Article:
Freud intepreted dreams. So have shamans in all cultures. But visual images are also the stock in trade of film makers and theatre directors. Coming to Secrets of a Soul from an opera staging perspective reveals a lot more than conventional Freudian analysis might suggest. Visual images, by their very nature, are open to multiple interpretation. Two people looking at the same object from different angles will see it differently. Seeing is a process which involves emotional input , dependent on the sensitivity of the viewer and his/her ability to think from perspectives other than their own. Thus there's so much resistance to opera stagings : audiences forget that all performances involve interpretation. There's no fixed formula. Visual literacy is like emotional intelligence. The art is in making connections, and in making connections that ring true, supported by other connections.

Because we're now so accustomed to Freudian imagery, many aspects of Secrets of a Soul are easy to identify, such as the phallic tower and the pop-gun the man in the helmet fires at Martin from the tree. Much has been made of Martin's supposed impotence or homosexuality because we're used to reading those signs. But Pabst was an artist. He wasn't confined to simple, literal images. Commentators largely ignore the women in the film, but anyone familiar with Pabst's other films (Pandora's Box, Die Dreigroschenoper etc)  will be alert to his ideas of female power.  Martin works in a lab where his assistants are women, and they're strong minded.  A little girl visits, and Martin is clearly delighted. Does that suggest his love for children is tainted?  In the absence of other clues, we can't assume. The images of dogs, the household, the meal, Kuanyin, all connect to the idea of childhood and fertility. Martin dreams of his wife in an exotic harem, clearly enjoying herself.  Martin fiddles with a key because he can't enter his house. But perhaps the key missing in a straightforward Freudian analysis is the simple fact that Martin  has married a woman with whom he grew up as a sister? No wonder he can love her but can't get her pregnant.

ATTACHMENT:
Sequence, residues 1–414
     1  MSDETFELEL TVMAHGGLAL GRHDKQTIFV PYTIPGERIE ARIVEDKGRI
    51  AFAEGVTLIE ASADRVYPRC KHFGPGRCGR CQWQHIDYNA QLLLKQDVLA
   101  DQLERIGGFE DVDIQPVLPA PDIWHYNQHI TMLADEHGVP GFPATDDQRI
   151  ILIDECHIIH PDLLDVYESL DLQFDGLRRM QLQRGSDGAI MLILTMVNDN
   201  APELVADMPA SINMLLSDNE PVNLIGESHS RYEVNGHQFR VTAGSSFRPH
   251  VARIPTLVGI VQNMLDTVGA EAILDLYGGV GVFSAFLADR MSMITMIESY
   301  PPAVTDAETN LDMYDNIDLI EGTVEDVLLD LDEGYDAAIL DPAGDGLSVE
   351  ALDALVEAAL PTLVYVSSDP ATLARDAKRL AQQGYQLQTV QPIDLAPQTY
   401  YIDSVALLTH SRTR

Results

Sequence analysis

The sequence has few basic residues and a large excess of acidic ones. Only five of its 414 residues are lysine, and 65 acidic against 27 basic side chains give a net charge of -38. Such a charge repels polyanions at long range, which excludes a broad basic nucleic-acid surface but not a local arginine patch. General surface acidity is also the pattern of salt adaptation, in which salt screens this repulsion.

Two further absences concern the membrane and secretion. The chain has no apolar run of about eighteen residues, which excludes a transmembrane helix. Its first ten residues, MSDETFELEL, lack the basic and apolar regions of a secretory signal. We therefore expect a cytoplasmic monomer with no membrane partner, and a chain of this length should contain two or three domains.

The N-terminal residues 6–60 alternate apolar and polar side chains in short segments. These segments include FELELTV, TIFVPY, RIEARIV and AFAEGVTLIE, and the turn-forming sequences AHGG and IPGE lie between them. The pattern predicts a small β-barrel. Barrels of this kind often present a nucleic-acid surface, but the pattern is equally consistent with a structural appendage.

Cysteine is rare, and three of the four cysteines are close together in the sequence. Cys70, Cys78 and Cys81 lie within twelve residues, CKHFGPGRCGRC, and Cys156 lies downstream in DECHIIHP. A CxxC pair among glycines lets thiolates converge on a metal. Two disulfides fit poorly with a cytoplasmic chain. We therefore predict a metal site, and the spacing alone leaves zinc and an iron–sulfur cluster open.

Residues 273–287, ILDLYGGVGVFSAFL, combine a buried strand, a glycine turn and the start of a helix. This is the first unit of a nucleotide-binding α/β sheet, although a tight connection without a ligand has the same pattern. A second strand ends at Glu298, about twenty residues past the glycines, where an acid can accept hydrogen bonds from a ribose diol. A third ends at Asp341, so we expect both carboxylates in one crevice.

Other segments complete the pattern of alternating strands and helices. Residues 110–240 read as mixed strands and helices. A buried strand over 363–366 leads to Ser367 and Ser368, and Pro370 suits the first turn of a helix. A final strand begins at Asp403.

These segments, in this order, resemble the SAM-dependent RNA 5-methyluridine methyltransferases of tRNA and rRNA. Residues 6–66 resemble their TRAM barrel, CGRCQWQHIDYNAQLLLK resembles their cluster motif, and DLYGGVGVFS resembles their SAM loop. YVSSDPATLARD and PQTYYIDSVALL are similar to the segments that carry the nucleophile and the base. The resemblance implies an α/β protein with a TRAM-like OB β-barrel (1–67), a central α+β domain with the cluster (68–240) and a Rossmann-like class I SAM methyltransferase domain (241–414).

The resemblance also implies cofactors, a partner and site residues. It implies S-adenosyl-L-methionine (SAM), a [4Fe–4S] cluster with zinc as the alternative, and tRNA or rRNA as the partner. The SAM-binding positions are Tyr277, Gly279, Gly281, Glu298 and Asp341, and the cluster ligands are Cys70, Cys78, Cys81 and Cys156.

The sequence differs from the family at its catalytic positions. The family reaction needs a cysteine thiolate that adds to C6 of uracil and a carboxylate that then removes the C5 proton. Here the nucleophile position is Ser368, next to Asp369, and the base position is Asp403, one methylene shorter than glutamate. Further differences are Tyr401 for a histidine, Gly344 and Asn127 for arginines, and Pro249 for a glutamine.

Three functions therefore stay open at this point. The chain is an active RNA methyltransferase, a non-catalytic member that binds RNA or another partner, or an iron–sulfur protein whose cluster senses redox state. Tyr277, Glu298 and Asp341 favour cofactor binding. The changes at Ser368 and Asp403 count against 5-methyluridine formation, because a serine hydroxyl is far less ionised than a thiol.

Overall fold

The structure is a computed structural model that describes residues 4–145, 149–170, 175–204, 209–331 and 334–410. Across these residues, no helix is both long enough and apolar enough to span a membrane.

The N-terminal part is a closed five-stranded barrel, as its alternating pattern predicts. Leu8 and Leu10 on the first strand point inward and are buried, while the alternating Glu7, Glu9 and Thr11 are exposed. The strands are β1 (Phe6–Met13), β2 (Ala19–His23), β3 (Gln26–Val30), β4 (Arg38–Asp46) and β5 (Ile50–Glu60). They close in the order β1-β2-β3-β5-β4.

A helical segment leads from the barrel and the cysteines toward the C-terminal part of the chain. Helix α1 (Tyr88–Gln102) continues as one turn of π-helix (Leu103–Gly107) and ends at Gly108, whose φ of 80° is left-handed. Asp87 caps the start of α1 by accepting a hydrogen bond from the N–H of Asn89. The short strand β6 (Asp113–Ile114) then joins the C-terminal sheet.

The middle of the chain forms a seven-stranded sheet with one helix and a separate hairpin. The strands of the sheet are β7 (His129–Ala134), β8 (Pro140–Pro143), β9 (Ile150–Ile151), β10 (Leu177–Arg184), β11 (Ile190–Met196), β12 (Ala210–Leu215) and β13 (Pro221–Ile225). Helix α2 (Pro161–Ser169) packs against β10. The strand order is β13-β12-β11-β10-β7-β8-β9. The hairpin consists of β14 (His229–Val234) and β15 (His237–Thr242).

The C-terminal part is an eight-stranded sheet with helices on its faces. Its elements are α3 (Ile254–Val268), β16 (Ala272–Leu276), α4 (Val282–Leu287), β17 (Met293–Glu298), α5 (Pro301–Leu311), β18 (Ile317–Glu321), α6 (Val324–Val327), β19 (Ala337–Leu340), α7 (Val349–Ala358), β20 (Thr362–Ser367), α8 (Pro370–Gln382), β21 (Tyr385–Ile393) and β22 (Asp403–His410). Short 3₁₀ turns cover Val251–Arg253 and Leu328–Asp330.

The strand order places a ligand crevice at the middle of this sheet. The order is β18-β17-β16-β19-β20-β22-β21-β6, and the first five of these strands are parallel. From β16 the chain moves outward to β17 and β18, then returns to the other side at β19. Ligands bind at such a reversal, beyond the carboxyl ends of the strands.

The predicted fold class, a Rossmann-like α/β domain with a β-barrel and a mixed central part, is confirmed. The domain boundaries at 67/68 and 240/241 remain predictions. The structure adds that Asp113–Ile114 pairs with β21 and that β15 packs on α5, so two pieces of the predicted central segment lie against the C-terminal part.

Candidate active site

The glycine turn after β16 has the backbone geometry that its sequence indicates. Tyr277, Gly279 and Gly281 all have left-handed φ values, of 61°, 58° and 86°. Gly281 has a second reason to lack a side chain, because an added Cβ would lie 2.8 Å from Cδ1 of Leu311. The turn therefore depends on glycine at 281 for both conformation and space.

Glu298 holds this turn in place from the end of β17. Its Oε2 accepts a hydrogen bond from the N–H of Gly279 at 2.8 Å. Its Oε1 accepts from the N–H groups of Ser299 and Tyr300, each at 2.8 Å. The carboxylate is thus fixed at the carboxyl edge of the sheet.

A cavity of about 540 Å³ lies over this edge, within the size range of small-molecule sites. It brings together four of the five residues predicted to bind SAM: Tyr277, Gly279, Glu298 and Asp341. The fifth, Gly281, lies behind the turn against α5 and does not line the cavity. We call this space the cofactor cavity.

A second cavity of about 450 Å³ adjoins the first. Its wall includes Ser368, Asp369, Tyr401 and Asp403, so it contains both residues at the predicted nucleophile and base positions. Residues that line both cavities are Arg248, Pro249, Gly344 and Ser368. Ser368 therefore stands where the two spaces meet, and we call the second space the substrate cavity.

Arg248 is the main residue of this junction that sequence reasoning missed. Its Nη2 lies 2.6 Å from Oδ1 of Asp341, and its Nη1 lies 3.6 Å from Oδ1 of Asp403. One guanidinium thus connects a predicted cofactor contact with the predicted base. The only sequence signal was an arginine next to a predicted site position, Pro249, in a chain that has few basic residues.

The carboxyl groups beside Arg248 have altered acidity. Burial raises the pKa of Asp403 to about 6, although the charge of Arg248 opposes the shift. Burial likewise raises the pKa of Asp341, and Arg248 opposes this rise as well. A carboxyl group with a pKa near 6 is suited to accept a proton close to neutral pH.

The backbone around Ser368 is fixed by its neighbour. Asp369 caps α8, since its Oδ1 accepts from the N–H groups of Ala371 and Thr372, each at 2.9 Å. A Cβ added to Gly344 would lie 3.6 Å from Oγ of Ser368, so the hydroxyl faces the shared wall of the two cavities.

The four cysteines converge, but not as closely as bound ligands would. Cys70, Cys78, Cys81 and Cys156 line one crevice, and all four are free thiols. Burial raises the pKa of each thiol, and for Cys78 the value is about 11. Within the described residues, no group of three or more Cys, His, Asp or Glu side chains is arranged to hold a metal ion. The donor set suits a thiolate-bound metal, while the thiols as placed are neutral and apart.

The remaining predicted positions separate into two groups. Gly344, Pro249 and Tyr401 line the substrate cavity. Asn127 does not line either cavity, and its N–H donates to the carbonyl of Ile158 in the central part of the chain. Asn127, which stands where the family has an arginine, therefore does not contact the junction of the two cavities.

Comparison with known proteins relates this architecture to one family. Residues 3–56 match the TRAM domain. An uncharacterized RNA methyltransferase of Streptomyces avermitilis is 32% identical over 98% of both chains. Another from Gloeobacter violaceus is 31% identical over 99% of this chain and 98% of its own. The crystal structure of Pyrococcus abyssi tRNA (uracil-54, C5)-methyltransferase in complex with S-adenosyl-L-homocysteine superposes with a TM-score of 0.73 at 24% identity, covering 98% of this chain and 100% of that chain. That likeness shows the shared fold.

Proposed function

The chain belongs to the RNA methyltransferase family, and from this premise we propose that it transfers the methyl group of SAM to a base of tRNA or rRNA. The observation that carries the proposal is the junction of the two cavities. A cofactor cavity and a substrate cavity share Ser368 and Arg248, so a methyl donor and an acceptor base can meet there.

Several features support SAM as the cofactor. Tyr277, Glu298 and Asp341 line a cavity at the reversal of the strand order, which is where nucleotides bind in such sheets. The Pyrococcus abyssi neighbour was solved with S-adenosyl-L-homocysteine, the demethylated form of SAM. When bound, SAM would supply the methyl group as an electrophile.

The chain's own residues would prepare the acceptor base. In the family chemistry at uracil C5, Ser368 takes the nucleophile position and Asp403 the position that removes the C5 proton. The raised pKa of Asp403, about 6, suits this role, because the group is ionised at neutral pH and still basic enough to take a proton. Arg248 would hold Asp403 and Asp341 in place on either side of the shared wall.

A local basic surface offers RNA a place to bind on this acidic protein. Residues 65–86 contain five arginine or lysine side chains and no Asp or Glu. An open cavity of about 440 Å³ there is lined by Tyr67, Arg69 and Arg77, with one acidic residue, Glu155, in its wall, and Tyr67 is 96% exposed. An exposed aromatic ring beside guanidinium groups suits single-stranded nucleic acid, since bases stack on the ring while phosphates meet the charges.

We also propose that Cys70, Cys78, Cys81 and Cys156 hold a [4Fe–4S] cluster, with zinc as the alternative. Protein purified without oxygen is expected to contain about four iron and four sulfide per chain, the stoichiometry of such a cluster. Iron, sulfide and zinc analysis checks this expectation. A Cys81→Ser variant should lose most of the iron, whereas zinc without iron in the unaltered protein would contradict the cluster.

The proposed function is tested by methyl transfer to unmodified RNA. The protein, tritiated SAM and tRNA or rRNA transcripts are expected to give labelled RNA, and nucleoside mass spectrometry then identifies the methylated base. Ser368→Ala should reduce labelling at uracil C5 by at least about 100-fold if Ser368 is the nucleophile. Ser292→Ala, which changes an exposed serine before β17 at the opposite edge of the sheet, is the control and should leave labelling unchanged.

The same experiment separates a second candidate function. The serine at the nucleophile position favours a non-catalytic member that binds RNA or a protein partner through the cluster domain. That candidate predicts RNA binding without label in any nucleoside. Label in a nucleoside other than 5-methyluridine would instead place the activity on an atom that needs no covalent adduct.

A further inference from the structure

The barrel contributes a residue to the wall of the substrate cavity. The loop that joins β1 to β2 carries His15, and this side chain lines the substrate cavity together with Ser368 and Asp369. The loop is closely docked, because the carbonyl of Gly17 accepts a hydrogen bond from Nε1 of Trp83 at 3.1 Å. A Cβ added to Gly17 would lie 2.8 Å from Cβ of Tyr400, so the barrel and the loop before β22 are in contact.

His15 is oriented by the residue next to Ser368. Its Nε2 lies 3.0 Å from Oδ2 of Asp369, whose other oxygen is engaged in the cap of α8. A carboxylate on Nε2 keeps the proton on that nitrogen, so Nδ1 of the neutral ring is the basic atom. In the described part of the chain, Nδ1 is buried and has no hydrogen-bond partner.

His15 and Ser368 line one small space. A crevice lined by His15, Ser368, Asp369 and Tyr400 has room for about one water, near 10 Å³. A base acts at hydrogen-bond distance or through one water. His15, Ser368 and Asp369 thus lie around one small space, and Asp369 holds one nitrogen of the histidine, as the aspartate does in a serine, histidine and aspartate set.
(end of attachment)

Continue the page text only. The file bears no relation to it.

Martin has a flashback to a childhood Christmas when he, his wife and her cousin were playing together. We see toy trains and remember the phallic trains in his big dream. We see Martin shown a new baby, while the girl who will be his wife hands a toy doll to her cousin. Aha! Insight! The psychoanalyst helps Martin make the connection. But why should an innocent gesture like that mature into murderous anxiety? If all psychiatric problems were that easy to solve, life would be so simple. Because this is a silent film, intertitles are sparse: people watched, rather than reading words. Nonetheless the psychoanalyst has more to say than anyone else and he speaks in jargon. Perhaps Pabst is making a point by casting Werner Krauss as Martin. Krauss was the mad doctor in The Cabinet of Dr Caligari (1921) where the doctor/patient/relationship is upside down. Pabst shows Martin in his lab, mixing potions. Perhaps he's suggesting that science and pseudo science aren't that far apart? Artists interpreted dreams and visual images long before psychoanalysis came into the frame. Reading images is not a science, but a creative art in itself.